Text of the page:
China, with its immense population of 1.3 billion people, is a country which has to come up with inventive ways to keep its citizens employed. From doctors, chefs, taxi drivers, and street sweepers, to the more unusual professions like restaurant welcomers, store-front clappers, free ticket sellers, receipt stampers, fake significant others, and porters, China has a range of strange jobs you no longer see in the West. Many of these jobs arose as China transitioned from a traditional family-based culture to a more capitalist economy, with employers creating tailor-made positions for relatives or friends.
Others are a result of China's labour prices rising, meaning employers cut back on payroll in order to increase profits. Automation of certain processes has also led to a decrease in the need for certain human roles. Take restaurant welcomers.
In Western countries, the role of front of house is usually filled by one person who greets customers, takes coats, and guides them to their table. In some larger restaurants in China, however, there are rows of identically-dressed beauties who bow and say “huanying guanying” (welcome) to each customer. Store-front clappers are another unique profession.
In an effort to stand out in congested city centres, shops often blast loud club music and shout their special offers through megaphones. Accompanying the barkers are the clappers, whose job is to clap their hands in unison to draw attention to the store. The role of free ticket sellers is a strange one, too.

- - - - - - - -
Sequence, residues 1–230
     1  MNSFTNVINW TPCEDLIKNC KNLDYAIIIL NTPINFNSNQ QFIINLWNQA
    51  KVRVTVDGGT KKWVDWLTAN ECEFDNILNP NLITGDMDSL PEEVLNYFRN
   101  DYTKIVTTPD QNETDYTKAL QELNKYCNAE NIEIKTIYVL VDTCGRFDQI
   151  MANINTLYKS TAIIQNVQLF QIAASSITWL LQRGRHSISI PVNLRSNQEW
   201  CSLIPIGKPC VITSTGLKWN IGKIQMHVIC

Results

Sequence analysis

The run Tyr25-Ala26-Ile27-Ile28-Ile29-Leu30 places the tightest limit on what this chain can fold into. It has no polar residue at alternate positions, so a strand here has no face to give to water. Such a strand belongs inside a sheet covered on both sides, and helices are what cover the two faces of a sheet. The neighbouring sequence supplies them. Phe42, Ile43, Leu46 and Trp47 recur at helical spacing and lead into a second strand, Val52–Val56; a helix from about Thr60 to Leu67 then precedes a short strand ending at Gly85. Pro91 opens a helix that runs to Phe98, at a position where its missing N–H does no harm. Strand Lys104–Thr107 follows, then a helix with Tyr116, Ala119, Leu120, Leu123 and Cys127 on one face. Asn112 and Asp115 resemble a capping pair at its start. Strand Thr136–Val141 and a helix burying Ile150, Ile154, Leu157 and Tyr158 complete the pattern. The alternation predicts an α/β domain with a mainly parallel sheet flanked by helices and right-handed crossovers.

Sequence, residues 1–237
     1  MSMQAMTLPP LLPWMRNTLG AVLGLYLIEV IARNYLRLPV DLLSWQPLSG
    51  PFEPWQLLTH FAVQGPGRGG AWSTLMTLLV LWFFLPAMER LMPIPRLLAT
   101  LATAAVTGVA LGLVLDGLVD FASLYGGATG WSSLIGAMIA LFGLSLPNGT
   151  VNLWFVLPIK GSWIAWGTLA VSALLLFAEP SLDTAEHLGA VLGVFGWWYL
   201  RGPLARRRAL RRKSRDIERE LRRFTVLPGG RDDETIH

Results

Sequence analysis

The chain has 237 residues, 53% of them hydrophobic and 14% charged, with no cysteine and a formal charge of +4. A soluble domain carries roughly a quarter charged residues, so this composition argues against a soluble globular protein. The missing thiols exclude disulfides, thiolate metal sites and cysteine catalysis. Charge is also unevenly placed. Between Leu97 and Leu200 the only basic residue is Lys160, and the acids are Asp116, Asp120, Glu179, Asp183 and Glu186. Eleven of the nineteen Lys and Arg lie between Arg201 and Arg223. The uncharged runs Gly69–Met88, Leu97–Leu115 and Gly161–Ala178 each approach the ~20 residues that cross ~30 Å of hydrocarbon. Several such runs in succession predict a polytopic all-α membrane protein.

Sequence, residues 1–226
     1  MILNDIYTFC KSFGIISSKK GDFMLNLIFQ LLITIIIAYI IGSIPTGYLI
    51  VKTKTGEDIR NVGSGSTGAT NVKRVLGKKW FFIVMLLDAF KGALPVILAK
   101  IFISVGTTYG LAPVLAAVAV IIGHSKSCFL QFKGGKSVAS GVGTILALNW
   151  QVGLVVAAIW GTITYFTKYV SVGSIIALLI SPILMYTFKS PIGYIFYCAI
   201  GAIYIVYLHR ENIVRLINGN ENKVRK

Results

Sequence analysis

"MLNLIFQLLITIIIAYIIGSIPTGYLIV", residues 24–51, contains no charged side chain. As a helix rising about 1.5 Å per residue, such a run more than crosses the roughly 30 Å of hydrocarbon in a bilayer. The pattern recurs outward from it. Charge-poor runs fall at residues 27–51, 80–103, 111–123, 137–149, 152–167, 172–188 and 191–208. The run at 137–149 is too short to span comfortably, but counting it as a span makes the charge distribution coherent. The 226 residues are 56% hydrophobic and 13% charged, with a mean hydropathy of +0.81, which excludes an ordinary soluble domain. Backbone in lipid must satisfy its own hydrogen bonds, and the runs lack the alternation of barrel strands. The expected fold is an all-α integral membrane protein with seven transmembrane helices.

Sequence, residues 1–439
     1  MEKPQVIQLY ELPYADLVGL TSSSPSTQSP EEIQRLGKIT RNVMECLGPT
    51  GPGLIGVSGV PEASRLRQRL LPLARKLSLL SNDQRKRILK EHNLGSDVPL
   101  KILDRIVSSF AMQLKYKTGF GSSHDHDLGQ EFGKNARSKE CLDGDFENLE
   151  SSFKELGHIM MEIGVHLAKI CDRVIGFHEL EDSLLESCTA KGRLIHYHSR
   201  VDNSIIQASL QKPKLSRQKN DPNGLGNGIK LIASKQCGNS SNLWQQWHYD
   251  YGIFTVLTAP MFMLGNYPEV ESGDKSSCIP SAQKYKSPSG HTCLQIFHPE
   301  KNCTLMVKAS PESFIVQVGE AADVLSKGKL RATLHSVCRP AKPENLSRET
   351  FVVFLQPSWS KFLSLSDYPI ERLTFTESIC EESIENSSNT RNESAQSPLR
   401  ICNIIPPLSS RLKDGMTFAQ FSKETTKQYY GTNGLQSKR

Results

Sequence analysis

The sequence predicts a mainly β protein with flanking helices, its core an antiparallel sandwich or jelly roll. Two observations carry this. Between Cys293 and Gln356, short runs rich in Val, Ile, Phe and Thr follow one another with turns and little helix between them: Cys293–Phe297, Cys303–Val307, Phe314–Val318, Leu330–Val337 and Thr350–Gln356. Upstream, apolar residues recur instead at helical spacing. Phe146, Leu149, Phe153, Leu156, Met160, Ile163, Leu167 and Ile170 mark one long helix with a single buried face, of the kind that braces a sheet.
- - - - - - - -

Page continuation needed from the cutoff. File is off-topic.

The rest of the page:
Every attraction in China, no matter how small or free, has a team of employees on hand to issue and check tickets. Tourists must wait in line to get a free ticket, which is then validated and checked again. Receipt stampers can be found at department stores and supermarkets, where a bored-looking person lurks by the checkout counter to stamp shoppers' receipts with a red chop as they exit.
This is supposedly an anti-shoplifting measure, but no one ever checks the contents of the shopping bags against the receipt. One surprising job you'll find in China is that of a fake significant other. During Chinese New Year, young city workers hire fake fiancés to impress their relatives and boost their status back home.
Surprisingly, foreigners can even find work in this line, with Chinese professionals paying to have an impressive foreign partner by their side. Finally, porters are a common sight in China, with these individuals providing services that most people could do for themselves. In rural places, you can even find porters offering to carry your shopping home, while in parks, you can hire a porter to carry you in a sedan chair.
With so many strange jobs to be found in China, it's no wonder that it's become a popular destination for those seeking interesting teaching jobs. From restaurant welcomers to fake significant others, there's something for everyone in the Middle Kingdom.
Joke: Q: What did the Chinese job-hunter say when he couldn't find a job? A: I'm Sino-plussed! To avoid getting caught in a ‘face job’ situat
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